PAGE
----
Western Howgills

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Saunterings:  Walking in North-West England

Saunterings is a set of reflections based upon walks around the counties of Cumbria, Lancashire and North Yorkshire in North-West England (as defined in the Preamble). Here is a list of all Saunterings so far.
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132.  Three Viaducts and a Tunnel of the Settle-Carlisle Railway

kendal mint I was pleased to see that throughout the 80-page Yorkshire Dales National Park's Conservation Area Appraisal of the Settle-Carlisle Railway the viaduct below Whernside is referred to as Batty Moss Viaduct. It is conceded that the viaduct is now more commonly known as the Ribblehead Viaduct but the Area Appraisal itself does not use that name. It also describes the Settle-Carlisle Railway as “a folly that was an accidental by-product of two rivalling companies”.

kendal mint In The Land of the Lune I had suggested, not altogether seriously, that the viaduct should be called Batty Moss Viaduct, for four reasons: (1) Batty Moss Viaduct is the original name; (2) It is the convention to name viaducts after what they cross, which here is Batty Moss; (3) The viaduct does not cross the Ribble and is not really at the head of Ribblesdale – if anything it is more at the head of Chapel-le-Dale; (4) The construction of the viaduct was somewhat batty.

By the last point I meant that it seemed strange that in order to connect Ribblesdale with upper Wensleydale the railway line was taken over into Dentdale and out again, necessitating the building of three large viaducts and two long tunnels, when there was a more direct route through Widdale, where the B6255 now runs, which would appear to need no viaducts or tunnels. No doubt, there were reasons but, on the surface, it seems a foolish or batty decision. I wouldn’t, however, consider the Settle-Carlisle Railway to be a ‘folly’, in the sense of a whimsical structure intended to amuse us. It was a very serious undertaking, costing a great deal, in money and lives.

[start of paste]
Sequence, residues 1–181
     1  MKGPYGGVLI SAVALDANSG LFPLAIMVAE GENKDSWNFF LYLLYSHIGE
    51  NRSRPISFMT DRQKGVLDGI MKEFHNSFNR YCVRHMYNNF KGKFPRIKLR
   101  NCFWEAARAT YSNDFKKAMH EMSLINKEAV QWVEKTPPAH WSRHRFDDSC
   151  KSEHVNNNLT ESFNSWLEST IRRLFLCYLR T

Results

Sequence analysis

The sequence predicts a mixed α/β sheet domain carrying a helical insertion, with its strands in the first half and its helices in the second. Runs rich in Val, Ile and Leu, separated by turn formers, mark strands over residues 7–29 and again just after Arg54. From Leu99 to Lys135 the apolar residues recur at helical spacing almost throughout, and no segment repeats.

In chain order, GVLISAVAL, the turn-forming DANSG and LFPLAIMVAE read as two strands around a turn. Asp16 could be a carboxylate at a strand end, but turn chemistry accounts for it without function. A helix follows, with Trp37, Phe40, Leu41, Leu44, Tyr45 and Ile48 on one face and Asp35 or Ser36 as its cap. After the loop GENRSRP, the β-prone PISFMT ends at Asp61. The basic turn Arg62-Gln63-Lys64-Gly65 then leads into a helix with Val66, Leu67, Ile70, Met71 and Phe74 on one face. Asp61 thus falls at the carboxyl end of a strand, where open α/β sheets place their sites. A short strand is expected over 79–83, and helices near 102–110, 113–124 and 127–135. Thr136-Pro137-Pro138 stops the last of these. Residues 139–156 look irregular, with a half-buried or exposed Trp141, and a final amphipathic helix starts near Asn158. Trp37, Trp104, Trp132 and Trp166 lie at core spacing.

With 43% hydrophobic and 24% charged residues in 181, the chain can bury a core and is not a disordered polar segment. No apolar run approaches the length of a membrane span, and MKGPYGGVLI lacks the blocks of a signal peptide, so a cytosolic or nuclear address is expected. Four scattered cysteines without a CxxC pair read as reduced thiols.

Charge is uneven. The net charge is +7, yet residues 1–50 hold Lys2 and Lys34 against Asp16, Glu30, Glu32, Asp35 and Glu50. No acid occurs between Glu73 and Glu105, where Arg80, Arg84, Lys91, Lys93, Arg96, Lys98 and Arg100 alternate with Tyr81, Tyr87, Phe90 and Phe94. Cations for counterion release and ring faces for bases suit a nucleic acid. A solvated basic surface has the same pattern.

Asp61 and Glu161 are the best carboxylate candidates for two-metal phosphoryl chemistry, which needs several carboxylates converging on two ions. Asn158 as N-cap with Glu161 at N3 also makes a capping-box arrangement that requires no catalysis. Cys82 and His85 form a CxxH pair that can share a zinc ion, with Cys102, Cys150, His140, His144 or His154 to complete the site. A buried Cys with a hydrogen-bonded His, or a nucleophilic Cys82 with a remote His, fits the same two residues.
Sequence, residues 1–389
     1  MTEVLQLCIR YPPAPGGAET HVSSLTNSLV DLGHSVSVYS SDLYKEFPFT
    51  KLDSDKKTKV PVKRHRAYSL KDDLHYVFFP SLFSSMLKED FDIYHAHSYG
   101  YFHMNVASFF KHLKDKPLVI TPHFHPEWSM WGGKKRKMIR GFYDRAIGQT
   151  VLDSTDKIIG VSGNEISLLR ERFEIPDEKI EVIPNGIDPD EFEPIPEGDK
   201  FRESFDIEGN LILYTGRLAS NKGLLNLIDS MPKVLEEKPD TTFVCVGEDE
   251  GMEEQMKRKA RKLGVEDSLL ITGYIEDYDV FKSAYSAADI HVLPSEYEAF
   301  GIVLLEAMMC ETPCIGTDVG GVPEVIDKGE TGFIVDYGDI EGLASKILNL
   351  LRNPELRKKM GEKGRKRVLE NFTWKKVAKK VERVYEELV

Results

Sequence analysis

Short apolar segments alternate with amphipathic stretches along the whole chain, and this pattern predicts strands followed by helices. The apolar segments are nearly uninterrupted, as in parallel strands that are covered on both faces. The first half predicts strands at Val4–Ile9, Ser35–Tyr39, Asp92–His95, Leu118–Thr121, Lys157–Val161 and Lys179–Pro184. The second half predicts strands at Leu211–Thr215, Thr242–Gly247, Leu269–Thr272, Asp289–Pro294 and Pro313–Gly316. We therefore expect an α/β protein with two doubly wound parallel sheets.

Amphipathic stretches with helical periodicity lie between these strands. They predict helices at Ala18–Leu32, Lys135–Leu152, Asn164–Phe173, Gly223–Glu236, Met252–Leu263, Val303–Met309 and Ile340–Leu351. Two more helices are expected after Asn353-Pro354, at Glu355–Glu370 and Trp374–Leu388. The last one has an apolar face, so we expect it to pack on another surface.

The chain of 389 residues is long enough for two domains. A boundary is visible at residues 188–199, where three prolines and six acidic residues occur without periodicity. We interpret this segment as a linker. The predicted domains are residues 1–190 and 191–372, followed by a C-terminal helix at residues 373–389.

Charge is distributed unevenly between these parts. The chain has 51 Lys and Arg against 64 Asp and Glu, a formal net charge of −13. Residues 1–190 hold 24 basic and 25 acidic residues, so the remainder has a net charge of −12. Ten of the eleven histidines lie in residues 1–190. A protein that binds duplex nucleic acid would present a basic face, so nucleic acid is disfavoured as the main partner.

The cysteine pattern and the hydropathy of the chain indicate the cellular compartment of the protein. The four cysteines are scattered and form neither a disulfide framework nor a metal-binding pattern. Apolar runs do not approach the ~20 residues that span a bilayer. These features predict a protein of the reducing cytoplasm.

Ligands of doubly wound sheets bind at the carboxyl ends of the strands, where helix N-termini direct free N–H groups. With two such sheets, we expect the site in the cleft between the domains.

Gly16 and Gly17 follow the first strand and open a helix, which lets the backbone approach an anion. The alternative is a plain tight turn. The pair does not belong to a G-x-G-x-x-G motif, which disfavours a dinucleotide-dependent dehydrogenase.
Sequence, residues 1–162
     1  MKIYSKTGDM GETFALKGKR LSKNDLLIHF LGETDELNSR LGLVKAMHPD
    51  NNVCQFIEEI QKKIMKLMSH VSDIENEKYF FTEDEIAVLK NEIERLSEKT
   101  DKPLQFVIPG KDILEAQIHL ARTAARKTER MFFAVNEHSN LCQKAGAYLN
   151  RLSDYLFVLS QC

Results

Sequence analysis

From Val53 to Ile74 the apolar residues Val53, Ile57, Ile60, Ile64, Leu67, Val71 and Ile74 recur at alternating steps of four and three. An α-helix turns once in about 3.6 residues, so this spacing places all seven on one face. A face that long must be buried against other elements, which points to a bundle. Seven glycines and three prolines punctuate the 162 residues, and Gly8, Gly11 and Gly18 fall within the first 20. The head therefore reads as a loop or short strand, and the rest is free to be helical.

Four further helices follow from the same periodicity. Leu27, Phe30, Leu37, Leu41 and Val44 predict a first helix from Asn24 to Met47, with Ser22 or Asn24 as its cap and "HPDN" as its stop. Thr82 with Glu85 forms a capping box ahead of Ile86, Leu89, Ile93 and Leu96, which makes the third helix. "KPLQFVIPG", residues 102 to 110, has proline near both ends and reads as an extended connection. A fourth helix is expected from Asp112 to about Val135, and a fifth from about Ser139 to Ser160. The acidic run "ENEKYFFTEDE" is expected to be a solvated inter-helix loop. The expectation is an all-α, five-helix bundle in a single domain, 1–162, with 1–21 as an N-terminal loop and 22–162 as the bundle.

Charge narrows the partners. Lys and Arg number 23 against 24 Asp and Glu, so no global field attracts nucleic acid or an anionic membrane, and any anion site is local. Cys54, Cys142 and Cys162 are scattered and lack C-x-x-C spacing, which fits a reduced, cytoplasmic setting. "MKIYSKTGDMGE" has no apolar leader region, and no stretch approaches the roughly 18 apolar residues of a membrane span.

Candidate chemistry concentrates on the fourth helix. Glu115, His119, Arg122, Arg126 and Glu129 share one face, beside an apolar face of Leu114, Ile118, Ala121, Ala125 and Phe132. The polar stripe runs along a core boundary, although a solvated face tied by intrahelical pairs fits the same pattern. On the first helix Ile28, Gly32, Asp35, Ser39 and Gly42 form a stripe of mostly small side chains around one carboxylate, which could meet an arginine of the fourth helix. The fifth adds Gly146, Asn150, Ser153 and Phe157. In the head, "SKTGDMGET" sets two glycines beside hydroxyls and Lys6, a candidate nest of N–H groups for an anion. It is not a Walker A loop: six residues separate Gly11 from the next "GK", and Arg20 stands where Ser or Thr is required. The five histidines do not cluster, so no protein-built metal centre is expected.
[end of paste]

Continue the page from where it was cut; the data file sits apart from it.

The plight of those who helped build the railway deserves a fuller discussion which I will leave to a later Sauntering. On this occasion we focussed on the structure itself, which the Appraisal considers to be “arguably the finest example of a ‘totally integrated’ engineering approach of Victorian times”, “the most scenic railway line in England” and “the last British line to be largely built in the traditional ‘manual’ way” using a workforce of thousands of navvies.

We got off the bus at Ribblehead Station, where the bus waits for rail passengers wanting to transfer to the bus in order to get to, say, Swaledale. The whole area around Ribblehead was packed with cars, basking on a sunny Bank Holiday Sunday. We walked past Batty Moss Viaduct along with many walkers heading for Whernside but we left them to walk up Blea Moor on the path that runs directly above the Bleamoor Tunnel, which at 1.5 miles long is the longest tunnel of the Settle-Carlisle Railway. Reaching a height of about 500 metres, we had the tunnel some 150 metres below us. This tunnel was the most expensive structure of the whole line, being dug primarily by hand, although today, of course, there is relatively little to show, above ground, for all this effort. There are piles of stone debris and a few air shafts, through one of which we heard a whoosh as, we assume, a train passed below.
bleamoor tunnel

A shaft of the Bleamoor Tunnel (Ingleborough to the left, Whernside to the right)

Dropping down into upper Dentdale through the remains of the conifer plantations there were spectacular views of Dentdale with the railway line sweeping along the eastern flank. Beyond Dent Head Farm, there’s a view of the Dent Head Viaduct of ten arches. We paused at Bridge End, where we had said that we would review our plans. I had originally thought of walking to three viaducts but it was a hotter day than we were used to. I would have been content now with two viaducts and a long siesta. But Ruth was for pressing on, keeping us on our legs for most of the 7½ hours that we had to fill between the buses. It was certainly pleasant enough strolling down Dentdale alongside the River Dee shimmering over little waterfalls. We passed a body spread-eagled on rocks by the river-side, sun-bathing or dead, we weren’t sure.